When you’re first starting out in business, you are so focused on getting clients you often don’t stop to think about secondary sales processes like refunds and payment plans. Today I want to talk about them a little more.


Should you offer a refund?

First up, refunds. This is something you must check with a lawyer in your jurisdiction, because the law varies on this. As far as I understand, there is no requirement for refunds in the US, but there is in Canada and in the UK, where my business is based.

Refunding depends a lot on the service that you’re offering. I don’t think it’s fair to have to refund money for live services when your time has already been used. You don’t get a refund from a doctor if you only see him once! However, you may want to offer a get out clause, e.g. with 30 days notice.


The Risks of Refunds

It’s common for digital products to come with money back guarantees for a specific number of days. I offer a 30 day full refund with Become Your Own Boss if you don’t like it. I know it’s an amazing programme and will be really helpful to the people who take it, so the number of refund requests is really low.

It puts quite a risk on my own cashflow to offer a refund because if everyone asked for a refund, I’d not be able to pay my bills for the month. Yes, people could abuse the system but in reality, the overwhelming majority of people are honest and they aren’t going to mess you around, especially my community!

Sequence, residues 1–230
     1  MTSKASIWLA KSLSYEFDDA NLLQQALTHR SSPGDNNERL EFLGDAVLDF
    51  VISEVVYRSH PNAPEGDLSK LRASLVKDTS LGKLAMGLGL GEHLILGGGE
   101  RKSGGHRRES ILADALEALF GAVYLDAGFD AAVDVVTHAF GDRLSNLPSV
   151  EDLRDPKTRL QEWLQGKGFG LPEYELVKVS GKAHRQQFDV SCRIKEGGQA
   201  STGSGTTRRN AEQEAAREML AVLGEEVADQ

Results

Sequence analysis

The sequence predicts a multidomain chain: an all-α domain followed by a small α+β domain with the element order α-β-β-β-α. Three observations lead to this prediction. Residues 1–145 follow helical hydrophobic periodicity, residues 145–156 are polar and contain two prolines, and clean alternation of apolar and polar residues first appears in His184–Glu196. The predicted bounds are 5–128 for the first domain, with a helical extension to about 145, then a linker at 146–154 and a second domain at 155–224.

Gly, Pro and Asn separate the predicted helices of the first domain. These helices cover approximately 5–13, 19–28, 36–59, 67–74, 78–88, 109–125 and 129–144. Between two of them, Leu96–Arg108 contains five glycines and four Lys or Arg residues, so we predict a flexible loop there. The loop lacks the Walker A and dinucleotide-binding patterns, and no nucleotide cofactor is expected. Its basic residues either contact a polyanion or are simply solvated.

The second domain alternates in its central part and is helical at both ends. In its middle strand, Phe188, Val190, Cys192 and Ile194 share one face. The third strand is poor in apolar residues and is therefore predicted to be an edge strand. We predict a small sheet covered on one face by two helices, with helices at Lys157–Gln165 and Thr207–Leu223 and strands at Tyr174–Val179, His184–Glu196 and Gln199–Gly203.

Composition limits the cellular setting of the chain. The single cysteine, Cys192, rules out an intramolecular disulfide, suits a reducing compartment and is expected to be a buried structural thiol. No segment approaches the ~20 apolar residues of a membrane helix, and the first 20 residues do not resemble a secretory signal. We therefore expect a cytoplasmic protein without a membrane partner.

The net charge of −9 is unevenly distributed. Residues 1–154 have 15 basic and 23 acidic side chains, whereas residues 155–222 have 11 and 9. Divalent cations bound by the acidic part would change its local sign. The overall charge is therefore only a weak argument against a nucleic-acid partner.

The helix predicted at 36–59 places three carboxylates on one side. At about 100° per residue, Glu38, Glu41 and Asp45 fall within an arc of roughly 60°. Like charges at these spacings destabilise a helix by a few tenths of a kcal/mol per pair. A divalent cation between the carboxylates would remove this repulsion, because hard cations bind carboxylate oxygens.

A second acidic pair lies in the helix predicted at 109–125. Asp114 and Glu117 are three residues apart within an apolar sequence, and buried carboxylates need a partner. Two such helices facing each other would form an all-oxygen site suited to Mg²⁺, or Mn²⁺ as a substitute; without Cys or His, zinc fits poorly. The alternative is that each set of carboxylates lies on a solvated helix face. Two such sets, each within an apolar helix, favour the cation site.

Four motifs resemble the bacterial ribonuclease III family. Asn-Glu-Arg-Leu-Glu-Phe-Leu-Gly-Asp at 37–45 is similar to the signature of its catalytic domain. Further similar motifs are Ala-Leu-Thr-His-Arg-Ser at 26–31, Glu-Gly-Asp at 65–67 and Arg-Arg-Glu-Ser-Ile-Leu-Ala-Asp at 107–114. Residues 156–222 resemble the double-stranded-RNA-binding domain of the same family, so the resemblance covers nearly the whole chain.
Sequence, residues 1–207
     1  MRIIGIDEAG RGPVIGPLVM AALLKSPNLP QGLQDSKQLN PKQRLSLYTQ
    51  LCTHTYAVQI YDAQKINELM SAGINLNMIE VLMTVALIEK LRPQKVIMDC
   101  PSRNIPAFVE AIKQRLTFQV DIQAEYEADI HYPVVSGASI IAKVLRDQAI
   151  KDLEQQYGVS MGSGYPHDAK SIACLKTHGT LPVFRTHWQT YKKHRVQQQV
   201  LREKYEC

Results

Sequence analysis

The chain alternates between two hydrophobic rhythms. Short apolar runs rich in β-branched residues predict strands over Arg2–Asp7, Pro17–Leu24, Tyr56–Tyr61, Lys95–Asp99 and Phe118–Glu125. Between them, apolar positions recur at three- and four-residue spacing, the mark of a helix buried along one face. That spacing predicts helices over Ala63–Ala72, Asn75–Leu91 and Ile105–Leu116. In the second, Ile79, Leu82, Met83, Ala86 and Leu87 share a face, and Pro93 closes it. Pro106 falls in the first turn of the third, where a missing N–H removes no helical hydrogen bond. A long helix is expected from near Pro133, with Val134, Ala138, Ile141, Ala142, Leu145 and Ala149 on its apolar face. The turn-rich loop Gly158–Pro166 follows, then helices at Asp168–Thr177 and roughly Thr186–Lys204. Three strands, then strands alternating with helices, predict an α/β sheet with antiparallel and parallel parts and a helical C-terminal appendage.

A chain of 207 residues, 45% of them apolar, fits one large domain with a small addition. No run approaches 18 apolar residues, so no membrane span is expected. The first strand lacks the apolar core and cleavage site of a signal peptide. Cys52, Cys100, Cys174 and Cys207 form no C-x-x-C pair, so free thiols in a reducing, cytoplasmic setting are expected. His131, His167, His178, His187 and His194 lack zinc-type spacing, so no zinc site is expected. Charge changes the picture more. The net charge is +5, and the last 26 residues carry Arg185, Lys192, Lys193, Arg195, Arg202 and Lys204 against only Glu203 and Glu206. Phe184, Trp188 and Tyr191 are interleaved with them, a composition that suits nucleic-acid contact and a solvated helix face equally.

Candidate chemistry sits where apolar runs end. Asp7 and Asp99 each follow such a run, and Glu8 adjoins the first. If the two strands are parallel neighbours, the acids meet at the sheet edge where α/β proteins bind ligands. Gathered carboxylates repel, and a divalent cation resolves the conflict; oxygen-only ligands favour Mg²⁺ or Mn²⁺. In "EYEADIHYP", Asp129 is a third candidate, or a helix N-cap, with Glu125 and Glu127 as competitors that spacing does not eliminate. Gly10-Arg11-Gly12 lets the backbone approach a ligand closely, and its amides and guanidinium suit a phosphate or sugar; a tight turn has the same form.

Payment plans

After refunds come payment plans. Now obviously offering payment plans allows people to access your services who maybe don’t have thousands on a card or stashed in savings. About half of my clients pay monthly. Most of the time this works really well, but there’s always the odd card that expires or person that goes AWOL, so you need some extra admin time to handle that. That’s why payment plans are usually 20% more expensive than paying in full.

Whether you offer a payment plan is really up to you and how you need your cashflow to work. If you want to do a huge brand overhaul, or if you want to get married, you might need more cash in the bank. But if you prefer the stability of having 10 payments coming through every month for 6 months, that’s also nice because it allows you to plan your cashflow a little more.


Structuring a payment plan

One thing I do recommend though to all my clients is to always insist on payment upfront - even on payment plans. So if you offer 3 months of services, get month 1’s payment before month 1 begins, the second payment before month 2 begins, etc. That way you aren’t chasing people to pay for services you have already given.

Having this all written out in your contracts gets it all out in the open and keeps disagreements to a minimum if anything does go wrong down the line.

What are your thoughts on refunds and payment plans? Leave a comment and let me know!


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